Penda’s Fen follows pompous and priggish young vicar’s son Stephen Franklin (Spencer Banks from Timeslip) through a summer in which he reacts both to the forthcoming pressures of adulthood (he’s about to turn 18), to his moral confusion, and to the mysterious landscape and dark forces of nature around him in the idyllic rural village of Pinvin, Worcestershire (although the actual filming location was in and around Chaceley, Gloucestershire).
Through a series of real and imagined encounters with angels, demons, and England’s pagan past, Stephen begins to question his religion, politics and sexuality.
He discovers that he was adopted and that he is not the pure-bred Briton he thought himself (he talks fondly of supporting the “Aryan national family on its Christian path”) but a mongrel son of foreigners.
He dreams of naked classmates and of a demon (Geoffry Pennells) sitting on his bed. He sees an angel in a stream (Martin Reynolds) and meets quintessential (deceased) English composer Edward Elgar (Graham Leaman) who tells him the secret of his Enigma Variations.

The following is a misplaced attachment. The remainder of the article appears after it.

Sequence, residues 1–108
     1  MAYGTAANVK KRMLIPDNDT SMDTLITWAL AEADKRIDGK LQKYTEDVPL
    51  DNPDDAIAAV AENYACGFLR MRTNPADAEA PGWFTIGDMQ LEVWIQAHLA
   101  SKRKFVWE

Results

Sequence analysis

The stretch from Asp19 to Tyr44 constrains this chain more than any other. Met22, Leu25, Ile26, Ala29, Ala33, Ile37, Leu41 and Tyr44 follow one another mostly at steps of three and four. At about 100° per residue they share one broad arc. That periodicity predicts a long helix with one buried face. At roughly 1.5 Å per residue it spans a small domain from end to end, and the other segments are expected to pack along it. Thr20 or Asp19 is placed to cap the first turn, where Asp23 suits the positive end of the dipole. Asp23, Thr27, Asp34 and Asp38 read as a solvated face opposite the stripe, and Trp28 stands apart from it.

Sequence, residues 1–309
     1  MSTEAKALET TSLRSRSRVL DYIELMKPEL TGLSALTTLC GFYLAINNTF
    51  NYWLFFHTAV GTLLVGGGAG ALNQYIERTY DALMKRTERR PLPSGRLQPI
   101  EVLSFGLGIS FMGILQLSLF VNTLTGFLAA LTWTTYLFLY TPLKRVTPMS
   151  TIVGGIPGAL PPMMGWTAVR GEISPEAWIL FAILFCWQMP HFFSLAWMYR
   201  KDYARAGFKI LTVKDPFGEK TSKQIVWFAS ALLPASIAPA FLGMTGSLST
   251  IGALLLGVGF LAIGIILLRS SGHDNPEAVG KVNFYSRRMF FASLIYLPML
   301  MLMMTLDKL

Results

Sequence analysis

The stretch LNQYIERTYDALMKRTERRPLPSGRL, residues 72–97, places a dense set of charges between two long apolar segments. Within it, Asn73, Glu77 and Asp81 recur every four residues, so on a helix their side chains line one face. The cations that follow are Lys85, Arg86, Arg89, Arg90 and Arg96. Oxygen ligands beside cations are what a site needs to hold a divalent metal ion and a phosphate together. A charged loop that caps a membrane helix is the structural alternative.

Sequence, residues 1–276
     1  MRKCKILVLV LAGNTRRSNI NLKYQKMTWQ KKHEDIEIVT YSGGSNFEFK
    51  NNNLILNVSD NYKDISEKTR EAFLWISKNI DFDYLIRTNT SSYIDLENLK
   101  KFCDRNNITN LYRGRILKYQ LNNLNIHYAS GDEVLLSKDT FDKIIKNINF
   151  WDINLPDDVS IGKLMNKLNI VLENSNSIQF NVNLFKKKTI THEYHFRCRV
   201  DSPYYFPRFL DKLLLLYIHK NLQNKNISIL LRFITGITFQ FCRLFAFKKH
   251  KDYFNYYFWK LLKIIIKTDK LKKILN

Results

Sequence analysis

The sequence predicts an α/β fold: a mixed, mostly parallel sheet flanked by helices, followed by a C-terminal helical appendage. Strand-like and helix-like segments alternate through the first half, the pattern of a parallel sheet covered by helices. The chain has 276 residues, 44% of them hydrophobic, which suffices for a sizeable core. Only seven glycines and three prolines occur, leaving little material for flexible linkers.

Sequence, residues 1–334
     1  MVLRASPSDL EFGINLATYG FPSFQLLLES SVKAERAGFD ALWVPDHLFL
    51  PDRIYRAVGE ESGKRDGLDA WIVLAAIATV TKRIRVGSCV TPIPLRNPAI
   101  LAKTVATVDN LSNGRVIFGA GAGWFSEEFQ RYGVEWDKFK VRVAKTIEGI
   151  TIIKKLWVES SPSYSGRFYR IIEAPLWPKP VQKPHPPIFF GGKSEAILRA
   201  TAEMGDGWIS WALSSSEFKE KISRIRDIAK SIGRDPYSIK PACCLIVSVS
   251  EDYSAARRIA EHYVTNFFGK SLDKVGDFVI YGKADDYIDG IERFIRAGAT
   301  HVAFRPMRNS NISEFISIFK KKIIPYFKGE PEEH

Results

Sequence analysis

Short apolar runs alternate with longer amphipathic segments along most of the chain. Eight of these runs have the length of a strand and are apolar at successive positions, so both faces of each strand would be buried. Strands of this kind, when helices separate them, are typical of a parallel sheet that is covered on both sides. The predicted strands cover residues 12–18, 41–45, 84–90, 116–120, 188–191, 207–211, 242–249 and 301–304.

In the garden of an old manor house, he witnesses a ritual in which men, women and children have their hands chopped off with a cleaver and rejoice at the mutilation, and he even encounters King Penda (Geoffrey Staines) – the last Pagan king of Mercia who died in AD655 – on the slopes of the Malvern Hills.
At the film’s climax, Stephen’s birth parents – whom his superego has conjured up – seek to wrest him from his newly chosen path as an adult embracing his impurity as a being of mixed race and mixed sex.
He flees from them and they try to extinguish him. Like Joan of Arc, he starts to burn, but Penda intervenes by zapping them.
Originally produced and broadcast as an episode of Play For Today, Penda’s Fen was written by David Rudkin and directed by Alan Clarke (who later admitted that he didn’t fully understand the script).
When it was first broadcast on 21 March 1974, The Guardian described it as “dense, thick, primaeval onion soup”.
Reverend J. Franklin
Sir Edward Elgar
Sir Nicholas Pole